It’s Halloween week! OK, we cannot say “Halloween week” (it does not exist), but we celebrate Halloween on October 31, which means next week. This day is celebrated in different ways – it varies from country to country. In some countries, this holiday is celebrated in more intimate atmosphere, while in some countries (i.e. the United States), it’s widely and publicly celebrated. At Halloween, yards, public spaces, and some houses may be decorated with traditionally macabre symbols including witches, skeletons, ghosts, cobwebs, and headstones. Sometimes it may look like a celebration of the occultism. Speaking about occultism, there is a perfect exhibition opening next week, at Stephen Romano New York. It’s opening on October 29, and it’s entitled Magica Sexualis – so be sure to visit this amazing group show, just before the Halloween. At Halloween, we also have an opening of the exhibition of Takashi Murakami at Mori Art Museum in Tokyo; a different take on this significant holiday.
There are also three great exhibition openings next week – amazing Korean artist Jungjin Lee will have her inaugural exhibition at Howard Greenberg Gallery, opening on October 29. Back in Europe, Lisabird Contemporary from Vienna is organizing an exhibition of Maximilian Prüfer entitled Flug (opening October 29), while the Whitney Museum of American Art in New York City prepares major Frank Stella retrospective (opening October 30). We hope you will have a great time at Halloween, and enjoy amazing art next week!
Scroll down and see what’s in focus in the week of October 26 - November 1.
Jungjin Lee’s photography is imbued with elemental vastness and wonder. A former assistant of Robert Frank, she creates meditative landscapes with a unique interplay between image and material, capturing moments in time that are uniquely her own. Using a multilayered process that integrates elements of painting, Lee’s photographs exude a materiality not often found in photography. She aims to find “a fundamental essence of things being captured through my intuition, the inner state of my mind, beyond my thinking.”
Prüfer works on philosophical questions and analogies concerning human beings, and questions the world with regard to its content, independent of the prominent points of view of his own species.What is fascinating about his work is the unique methodological processing as well as the novelty of his aesthetics. Using his method, he widens the potential of drawing when displaying motion independent of tools.
The exhibition Magica Sexualis is following in the series of In Missa Interfectionis, Opus Hypnagogia (at Morbid Anatomy Museum) and the inaugural exhibition at Stephen Romano Gallery’s new Bushwick location Lexicon Infernali, all of which examine the interaction of the esoteric, visionary, outsider, vintage and contemporary art practices. (to be clear, it is not about erotic art. If you like vintage, take a look at our article about vintage erotica). The fact that the title of the exhibition is in Latin provokes esoteric references – in Modern days, Latin has often being linked with occultism. But, still occultism and sexual magic aren’t intrinsically connected – sexual magic refers to an ancient science that has been known and protected by the purest, most spiritually advanced human beings, whose purpose and goal is the harnessing and perfection of our sexual forces. A more accurate translation of sexual magic would be “sexual priesthood”. Therefore, the works that will be exhibited during the Magica Sexualis show are dealing with ecstatic, esoteric, even erotic.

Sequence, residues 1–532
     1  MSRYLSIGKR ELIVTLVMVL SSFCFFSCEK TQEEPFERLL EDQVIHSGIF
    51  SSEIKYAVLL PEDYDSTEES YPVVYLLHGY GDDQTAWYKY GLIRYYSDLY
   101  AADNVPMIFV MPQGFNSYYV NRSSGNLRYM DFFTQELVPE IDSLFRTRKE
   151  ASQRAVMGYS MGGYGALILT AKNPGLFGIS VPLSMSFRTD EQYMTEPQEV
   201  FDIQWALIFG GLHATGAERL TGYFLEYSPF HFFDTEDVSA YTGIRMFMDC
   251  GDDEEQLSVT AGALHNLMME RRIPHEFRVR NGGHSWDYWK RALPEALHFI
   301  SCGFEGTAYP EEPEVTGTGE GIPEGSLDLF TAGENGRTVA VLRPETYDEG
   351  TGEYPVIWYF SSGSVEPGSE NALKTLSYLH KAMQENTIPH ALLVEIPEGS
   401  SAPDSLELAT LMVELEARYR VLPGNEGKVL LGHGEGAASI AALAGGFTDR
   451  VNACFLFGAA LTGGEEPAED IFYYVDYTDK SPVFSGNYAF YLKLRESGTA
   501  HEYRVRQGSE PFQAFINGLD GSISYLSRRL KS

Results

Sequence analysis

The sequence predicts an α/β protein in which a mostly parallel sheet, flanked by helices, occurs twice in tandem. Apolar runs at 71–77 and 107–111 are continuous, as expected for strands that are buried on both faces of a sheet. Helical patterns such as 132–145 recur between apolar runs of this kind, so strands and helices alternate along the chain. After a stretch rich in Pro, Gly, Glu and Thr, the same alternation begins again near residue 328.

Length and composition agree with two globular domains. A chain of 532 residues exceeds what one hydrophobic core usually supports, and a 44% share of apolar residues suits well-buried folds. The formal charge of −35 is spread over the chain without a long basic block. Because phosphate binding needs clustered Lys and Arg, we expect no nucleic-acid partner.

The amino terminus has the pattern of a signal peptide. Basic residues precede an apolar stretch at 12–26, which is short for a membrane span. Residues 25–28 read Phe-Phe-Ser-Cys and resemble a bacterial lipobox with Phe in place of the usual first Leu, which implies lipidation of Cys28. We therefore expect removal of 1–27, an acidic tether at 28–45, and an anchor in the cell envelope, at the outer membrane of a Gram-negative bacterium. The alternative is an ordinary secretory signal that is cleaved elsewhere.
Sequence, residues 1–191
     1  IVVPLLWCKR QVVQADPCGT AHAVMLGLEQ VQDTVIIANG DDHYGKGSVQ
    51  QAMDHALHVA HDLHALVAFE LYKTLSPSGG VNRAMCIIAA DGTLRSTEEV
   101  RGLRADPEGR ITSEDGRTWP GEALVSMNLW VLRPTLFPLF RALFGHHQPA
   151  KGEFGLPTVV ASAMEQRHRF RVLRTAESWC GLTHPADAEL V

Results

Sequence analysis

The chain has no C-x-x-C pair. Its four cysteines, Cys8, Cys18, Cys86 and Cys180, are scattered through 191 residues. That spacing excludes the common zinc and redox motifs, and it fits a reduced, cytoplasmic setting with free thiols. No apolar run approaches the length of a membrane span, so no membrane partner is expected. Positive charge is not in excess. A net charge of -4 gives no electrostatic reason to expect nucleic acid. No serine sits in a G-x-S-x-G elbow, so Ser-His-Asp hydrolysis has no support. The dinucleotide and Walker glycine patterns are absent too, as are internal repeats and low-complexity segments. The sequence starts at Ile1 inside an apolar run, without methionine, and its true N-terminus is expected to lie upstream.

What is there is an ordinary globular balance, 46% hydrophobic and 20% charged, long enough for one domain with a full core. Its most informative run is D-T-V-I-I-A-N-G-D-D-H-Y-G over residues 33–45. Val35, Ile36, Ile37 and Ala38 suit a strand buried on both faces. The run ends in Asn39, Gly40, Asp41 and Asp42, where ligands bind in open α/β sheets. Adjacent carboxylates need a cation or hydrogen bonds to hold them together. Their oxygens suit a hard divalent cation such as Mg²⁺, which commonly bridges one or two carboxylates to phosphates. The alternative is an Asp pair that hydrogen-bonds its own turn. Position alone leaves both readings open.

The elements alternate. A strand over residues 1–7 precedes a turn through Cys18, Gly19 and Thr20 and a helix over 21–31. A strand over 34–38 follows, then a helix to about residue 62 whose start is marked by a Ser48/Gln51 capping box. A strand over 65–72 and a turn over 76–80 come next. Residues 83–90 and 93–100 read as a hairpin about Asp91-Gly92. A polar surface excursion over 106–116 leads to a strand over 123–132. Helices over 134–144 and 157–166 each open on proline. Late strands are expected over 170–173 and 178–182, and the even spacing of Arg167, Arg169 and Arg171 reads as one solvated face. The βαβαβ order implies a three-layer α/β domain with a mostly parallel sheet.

The retrospective of Frank Stella art comes at a time when most of museums and galleries are overwhelmed with the wave of new artists. In fact, the artist admitted he was surprised by the idea of an exhibition covering his entire career and wanted to focus on his more recent works only, which also include his offset lithography. As prolific printmaker as he is a painter, he produces screenprints and etchings in his trademark abstract style, but also collages and sculptures. Always working in series, Frank Stella continues to produce intriguing works, and the latest medium added to his set of skills is computer designing.
Takashi Murakami’s The 500 Arhats painting was created in 2012, as a token of gratitude to the nation of Qatar, which was one of the first countries to offer assistance after the Great East Japan Earthquake and Tsunami in 2011. Thus, the work had its premiere in Doha, and now it is to be shown in the land of the rising sun for the first time ever. The inspiration behind the painting came from the legend of the 500 arhats, Buddha’s followers who spread his teachings. It is said that the story was introduced to Japan during the Heian period, presenting itself to the public through works on canvas and wood and stone sculptures. Before Murakami, two other Japanese artists also produced related artworks. For his own tribute, the artist engaged more than 200 students from national colleges in order to complete this monumental artwork.
The 500 Arhats consists of four sections named after the legendary Chinese guardians of the four celestial directions (blue dragon – east, white tiger – west, red bird – south, black tortoise – north). A milestone in Takashi Murakami’s career, the piece tackles the topics of religion, mortality and limitations, interpreted through his unique and vibrant style.
Images in Slider: Takashi Murakami - Title TBD, In production (courtesy of Mori Museum); Frank Stella Grajau I 1975 (courtesy of the Whitney Museum); Inge Vandormael, detail (courtesy of Stephen Romano Gallery); Jungin Lee - Unnamed Road 060, detail, 2011 (courtesy of Howard Greenberg Gallery); Maximilian Prüfer - 4 Spinnen, detail (courtesy of Lisabird Contemporary)
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